I don't want to get into the science of this, because I'm no more a scientist than is Jon Stewart or Al Gore or Sir Paul McCartney or George Clooney or Leo di Caprio (who flies to environmental events in a private jet). Instead, I'd like to look at this through the lens of psychology and culture, keeping in mind that we live in a media and celebrity saturated society. That is key, and no major political movement these days stands much chance of success without the endorsement of a celebrity. Climate change or global warming or whatever it's called now, is a perfect example.
In 1943, Abraham Maslow studied a series of basic human needs, ranging from the physiological to the the higher, more spiritual needs. A bit part of this was the need for love and belonging, having a sense of community and connection to those around them. Connected to that is the need for the respect of others, the desire to be seen as knowledgeable, confident, and capable. What has this to do with global warming?
Quite a lot, actually. There's an odd irony within this culture, though I don't know that it's anything new. Pretty much everyone I've ever talked to have a basic understanding that addiction to media and technology are destructive realities, and that this culture of celebrity is shallow and insipid. So if most people know this, why do we tend to pay extra attention to a cause when Rihanna or Oprah or Matt Damon speak out? Why do we allow celebrities dictate what we wear and how we view our bodies and what's cool and who is an idiot? Are we hypocritical or just weak?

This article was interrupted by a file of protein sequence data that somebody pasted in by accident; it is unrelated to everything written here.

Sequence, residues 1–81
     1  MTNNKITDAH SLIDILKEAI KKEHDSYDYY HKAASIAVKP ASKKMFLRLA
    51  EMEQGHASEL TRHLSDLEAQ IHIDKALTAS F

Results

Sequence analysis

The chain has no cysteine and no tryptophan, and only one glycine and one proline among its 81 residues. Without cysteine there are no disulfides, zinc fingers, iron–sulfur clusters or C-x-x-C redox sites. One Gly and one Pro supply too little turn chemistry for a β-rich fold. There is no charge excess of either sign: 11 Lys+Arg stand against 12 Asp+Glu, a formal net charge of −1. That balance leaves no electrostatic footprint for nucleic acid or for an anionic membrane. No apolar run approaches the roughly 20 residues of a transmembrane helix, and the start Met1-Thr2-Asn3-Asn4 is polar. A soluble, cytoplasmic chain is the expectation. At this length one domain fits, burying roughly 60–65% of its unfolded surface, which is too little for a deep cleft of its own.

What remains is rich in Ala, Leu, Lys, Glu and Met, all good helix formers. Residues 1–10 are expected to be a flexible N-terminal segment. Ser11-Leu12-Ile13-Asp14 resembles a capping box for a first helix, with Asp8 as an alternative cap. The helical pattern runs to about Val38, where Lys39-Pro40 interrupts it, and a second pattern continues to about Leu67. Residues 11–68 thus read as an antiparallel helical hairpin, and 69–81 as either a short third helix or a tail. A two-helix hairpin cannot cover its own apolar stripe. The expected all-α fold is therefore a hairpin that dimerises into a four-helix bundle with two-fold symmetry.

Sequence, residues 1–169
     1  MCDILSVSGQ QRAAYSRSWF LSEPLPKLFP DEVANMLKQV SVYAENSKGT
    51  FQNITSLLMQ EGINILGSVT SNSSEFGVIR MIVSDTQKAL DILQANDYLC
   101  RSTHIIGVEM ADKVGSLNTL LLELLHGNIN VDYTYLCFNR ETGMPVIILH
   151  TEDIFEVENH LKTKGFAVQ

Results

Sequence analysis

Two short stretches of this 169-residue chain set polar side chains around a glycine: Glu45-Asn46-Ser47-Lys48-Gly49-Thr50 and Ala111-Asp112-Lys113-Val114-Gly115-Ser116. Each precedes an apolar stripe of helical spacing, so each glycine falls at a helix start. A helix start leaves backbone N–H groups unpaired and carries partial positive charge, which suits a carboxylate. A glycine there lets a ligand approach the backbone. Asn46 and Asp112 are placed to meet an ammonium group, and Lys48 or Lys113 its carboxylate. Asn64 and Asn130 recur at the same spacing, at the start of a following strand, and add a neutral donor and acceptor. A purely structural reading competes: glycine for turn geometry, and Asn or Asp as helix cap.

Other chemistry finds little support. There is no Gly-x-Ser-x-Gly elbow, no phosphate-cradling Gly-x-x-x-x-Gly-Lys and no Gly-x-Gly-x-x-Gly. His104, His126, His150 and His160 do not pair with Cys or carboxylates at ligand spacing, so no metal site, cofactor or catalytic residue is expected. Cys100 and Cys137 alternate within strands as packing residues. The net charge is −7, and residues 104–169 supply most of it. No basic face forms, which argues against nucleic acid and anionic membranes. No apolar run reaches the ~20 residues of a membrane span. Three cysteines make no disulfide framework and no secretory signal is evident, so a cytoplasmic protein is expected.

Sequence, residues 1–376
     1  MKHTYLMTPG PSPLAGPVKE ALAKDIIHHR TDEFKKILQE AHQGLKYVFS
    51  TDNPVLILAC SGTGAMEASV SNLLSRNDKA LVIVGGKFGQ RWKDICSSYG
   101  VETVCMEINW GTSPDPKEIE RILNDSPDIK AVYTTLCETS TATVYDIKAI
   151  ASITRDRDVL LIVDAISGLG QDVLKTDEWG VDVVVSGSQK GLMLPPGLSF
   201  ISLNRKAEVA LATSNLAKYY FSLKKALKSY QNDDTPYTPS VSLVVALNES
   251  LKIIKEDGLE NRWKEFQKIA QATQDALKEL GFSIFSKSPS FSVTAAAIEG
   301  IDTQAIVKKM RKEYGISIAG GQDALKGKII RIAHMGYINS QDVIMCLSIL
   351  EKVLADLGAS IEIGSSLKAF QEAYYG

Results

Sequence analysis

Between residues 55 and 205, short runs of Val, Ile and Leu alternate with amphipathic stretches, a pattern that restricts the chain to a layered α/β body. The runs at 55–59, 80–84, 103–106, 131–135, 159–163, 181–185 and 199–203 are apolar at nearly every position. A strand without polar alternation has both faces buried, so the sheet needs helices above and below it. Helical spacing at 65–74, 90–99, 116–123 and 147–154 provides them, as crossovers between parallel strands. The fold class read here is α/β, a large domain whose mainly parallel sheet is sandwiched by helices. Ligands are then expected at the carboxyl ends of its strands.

Personally, I think Maslow was on to something. Celebrities are rich, beautiful, famous (duh), well-connected. They have a lot of power, but this power comes from our own permission. It has nothing to do with actual talent or moral virtue or anything else. A celebrity can be an ignorant sonofab***h, but wait, he's standing up there with George Clooney at a rally to save the environment from the evil Koch Brothers and Rick Perry, and suddenly, the S.O.B. is today's hero. He's smart. He's informed. He's no climate denier. Let's join him!
So if you dare to question human caused climate change, despite powerful scientific evidence, along with other evidence to show that much of global warming data is politically compromised, you might be a traitor! In a recent interview, Robert Kennedy, Jr. had this to say: "I wish there were a law you could punish [climate deniers] with." I bet he wasn't so interested in laws punishing people with prison back in 1983, when he was arrested for heroin (luckily, he's a Kennedy, so he only got probation). But that was a long time ago, and if he's gotten his life back together, good for him.
His words in this interview sound extreme, and they are, yet just because they are on the extremist fringe doesn't mean that a lot of people don't agree with him. Look again at the infographic at the top of this page if you doubt me. Look at that Jon Stewart segment on my Reviews and Culture page. If you deny the human cause of global warming, you are beneath contempt, an enemy of the environment, pawn of the Koch Brothers...a REPUBLICAN. You probably watch Fox News, too. You probably think Obama is a communist native of Kenya, and you definitely cannot make a single move without consulting with Rush Limbaugh or Sean Hannity.
It doesn't matter that you are educated or that you read many news sources and that you keep up with scientific progress. You are a climate denier, worthy of prison and shunning. It's almost like living back in Puritan society, where if you break the smallest rule, you are fined and whipped and publicly cast out for your audacity to differ from what has been pronounced from above.